House Passes San Francisco Bay Restoration Legislation
This week, the U.S. House of Representatives passed, by voice vote, the San Francisco Bay Restoration Act (H.R. 1132), sponsored by Representative Jackie Speier (D-CA). The bill aims to improve water quality and protect San Francisco Bay coastal communities from the effects of sea level rise by authorizing $25 million for each of the fiscal years 2020-2024 in USEPA grants. The bill now goes to the Senate for committee consideration.
Under H.R. 1132, the U.S. Environmental Protection Agency Administrator will compile an annual list of what projects, activities, and studies are prioritized to receive funding. The priority list may include activities, projects, or studies, including restoration projects and habitat improvement for fish, waterfowl, and wildlife, that advance the goals and objectives of approved plans for water quality improvement, wetland, riverine, and estuary restoration and protection, nearshore and endangered species recovery, and adaptation to climate change. The list will also include information on the identity of each entity receiving assistance and a description of the communities that will be served by the activity or project.
Grants may be awarded to state and local agencies, special districts, public and nonprofit agencies, institutions, and organizations. Funding eligibility is restricted to communities within the San Francisco Bay area.
USEPA Continues to Seek Information on Nutrient Removal through Secondary Treatment
On October 22, 2019, USEPA launched a survey to collect basic information on levels and types of treatment in place and wastewater characteristics at the more than 18,000 Publicly Owned Treatment Works (POTWs) nationwide.
This is the first phase of the National Study of Nutrient Removal and Secondary Technologies. The study’s goal is to document nutrient reductions obtained from “optimizing” operations and maintenance practices, rather than implementing advanced and often costly treatment options. According to USEPA a number of POTWs have demonstrated significant nutrient reductions using this method, and this study will assist with an evaluation of whether these site-specific case studies are nationally applicable.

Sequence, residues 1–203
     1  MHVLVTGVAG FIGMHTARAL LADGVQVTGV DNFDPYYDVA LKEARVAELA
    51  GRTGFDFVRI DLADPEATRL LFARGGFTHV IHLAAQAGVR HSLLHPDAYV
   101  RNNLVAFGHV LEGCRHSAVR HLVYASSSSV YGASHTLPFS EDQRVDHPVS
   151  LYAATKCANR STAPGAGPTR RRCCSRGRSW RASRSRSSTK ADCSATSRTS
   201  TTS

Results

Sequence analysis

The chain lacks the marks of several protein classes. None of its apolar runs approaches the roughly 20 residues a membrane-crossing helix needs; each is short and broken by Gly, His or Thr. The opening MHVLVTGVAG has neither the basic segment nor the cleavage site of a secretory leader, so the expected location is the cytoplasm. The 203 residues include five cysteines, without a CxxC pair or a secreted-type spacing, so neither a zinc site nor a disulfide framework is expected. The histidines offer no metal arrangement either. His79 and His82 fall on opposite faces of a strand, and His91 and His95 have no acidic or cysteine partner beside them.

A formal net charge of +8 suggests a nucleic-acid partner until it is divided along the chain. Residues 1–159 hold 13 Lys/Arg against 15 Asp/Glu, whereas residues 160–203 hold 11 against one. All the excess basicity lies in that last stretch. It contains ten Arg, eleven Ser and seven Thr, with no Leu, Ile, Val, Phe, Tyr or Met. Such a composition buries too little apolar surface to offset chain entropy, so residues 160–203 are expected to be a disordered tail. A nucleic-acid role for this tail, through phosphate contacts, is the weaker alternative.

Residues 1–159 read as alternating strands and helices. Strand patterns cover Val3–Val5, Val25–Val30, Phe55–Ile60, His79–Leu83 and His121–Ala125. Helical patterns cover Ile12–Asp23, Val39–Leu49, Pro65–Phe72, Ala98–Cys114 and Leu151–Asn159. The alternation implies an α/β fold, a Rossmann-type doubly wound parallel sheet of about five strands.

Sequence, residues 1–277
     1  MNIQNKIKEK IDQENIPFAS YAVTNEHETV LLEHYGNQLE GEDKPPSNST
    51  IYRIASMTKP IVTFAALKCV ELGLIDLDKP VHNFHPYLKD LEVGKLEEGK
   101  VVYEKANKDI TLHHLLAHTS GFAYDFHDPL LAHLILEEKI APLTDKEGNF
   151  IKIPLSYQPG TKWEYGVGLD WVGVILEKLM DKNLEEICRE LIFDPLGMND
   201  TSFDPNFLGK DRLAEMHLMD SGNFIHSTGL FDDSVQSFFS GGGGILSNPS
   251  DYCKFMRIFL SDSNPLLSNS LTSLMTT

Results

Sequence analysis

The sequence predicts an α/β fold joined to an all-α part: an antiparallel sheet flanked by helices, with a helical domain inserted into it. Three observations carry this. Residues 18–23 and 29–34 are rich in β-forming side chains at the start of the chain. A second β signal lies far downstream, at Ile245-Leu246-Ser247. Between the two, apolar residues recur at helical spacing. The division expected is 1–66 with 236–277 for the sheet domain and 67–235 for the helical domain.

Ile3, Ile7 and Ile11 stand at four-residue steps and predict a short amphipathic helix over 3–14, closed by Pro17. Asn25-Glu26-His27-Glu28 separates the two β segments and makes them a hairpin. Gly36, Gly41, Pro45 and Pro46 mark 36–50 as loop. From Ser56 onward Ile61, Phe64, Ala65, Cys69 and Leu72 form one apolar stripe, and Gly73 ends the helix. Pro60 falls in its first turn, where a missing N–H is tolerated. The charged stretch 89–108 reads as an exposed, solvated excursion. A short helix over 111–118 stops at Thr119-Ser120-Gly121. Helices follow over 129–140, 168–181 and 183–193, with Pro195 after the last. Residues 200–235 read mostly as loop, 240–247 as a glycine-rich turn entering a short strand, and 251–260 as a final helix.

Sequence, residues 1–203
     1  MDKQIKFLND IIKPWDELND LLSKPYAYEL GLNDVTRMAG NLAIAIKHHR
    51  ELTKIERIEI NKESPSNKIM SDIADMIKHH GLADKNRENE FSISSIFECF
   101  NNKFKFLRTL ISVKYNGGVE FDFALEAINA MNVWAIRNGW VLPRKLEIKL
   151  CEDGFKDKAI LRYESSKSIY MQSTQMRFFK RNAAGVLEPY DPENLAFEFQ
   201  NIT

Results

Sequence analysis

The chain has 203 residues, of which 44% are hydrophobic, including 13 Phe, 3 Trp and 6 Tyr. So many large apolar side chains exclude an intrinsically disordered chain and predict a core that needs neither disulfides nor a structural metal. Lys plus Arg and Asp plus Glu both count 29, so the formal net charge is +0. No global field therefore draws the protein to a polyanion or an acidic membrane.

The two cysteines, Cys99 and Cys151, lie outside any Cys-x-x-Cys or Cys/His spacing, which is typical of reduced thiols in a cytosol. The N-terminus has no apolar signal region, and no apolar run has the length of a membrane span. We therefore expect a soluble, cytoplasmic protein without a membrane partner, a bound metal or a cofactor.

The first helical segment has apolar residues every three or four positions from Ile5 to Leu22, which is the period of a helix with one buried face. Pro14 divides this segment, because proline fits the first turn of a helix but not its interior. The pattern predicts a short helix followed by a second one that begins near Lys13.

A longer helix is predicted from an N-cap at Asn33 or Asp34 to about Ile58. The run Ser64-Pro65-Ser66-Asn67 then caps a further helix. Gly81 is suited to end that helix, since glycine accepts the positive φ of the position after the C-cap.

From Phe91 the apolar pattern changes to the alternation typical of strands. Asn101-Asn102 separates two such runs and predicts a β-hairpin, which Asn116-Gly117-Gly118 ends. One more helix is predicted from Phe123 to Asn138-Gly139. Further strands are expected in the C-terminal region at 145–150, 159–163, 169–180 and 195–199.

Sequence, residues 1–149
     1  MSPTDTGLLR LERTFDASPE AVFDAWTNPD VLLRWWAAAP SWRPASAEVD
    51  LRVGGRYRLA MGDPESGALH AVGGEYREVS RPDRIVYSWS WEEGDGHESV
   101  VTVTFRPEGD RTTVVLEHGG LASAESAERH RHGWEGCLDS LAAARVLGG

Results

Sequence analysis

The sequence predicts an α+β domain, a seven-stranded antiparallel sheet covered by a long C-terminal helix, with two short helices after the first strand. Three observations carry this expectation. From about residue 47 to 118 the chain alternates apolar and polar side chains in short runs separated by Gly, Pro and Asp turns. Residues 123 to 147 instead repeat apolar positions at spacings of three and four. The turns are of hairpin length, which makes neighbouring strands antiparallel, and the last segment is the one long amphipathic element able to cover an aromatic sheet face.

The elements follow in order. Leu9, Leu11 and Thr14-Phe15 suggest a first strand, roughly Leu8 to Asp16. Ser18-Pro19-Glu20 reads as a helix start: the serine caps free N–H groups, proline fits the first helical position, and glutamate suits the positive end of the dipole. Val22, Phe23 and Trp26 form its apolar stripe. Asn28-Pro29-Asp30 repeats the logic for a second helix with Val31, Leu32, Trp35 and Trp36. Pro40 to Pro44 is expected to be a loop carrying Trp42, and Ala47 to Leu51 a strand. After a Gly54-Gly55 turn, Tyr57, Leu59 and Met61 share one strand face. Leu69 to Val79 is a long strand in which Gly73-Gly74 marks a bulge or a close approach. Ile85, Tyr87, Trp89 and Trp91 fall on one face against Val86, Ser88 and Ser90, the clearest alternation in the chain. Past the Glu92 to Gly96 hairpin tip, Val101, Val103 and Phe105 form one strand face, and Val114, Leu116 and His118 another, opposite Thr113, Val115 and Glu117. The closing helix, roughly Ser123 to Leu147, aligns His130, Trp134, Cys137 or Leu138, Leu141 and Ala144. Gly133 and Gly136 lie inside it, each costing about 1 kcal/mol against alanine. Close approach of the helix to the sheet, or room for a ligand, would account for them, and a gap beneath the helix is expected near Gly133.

USEPA currently has survey responses from 49 of 50 states representing a variety of types and sizes of POTWs, but additional responses would help better define the full population of wastewater treatment plants in the U.S. and their treatment characteristics. To complete the electronic survey, you can register online here: POTW Nutrient Survey
This study will also provide national information needed by states and treatment plants to enable a clearer understanding of the tradeoffs between point and non-point source controls on site-specific waterbodies impaired by nutrients. Watershed planning and innovative permitting approaches that better utilize trading of nutrient loads between non-point sources and point sources require a solid understanding of each source’s nutrient loads.
USEPA intends to make the results of this voluntary survey available as an online searchable tool of existing technologies and operational strategies for nutrient removal that POTWS are employing. Other POTWs may choose to adopt such strategies to save money. All the data collected during this phase of the study is integral to subsequent phases of the study where USEPA will attempt to more accurately document the level of nutrient removals achieved through operational modifications to secondary treatment facilities.
The most recent responses by state can be found here: Nutrient Survey Response Rate
If you have any questions about this questionnaire, are unable to register your POTW, or need other assistance, please contact the USEPA POTW Screener Questionnaire Helpline at 703-633-1696 or POTW_Help@erg.com.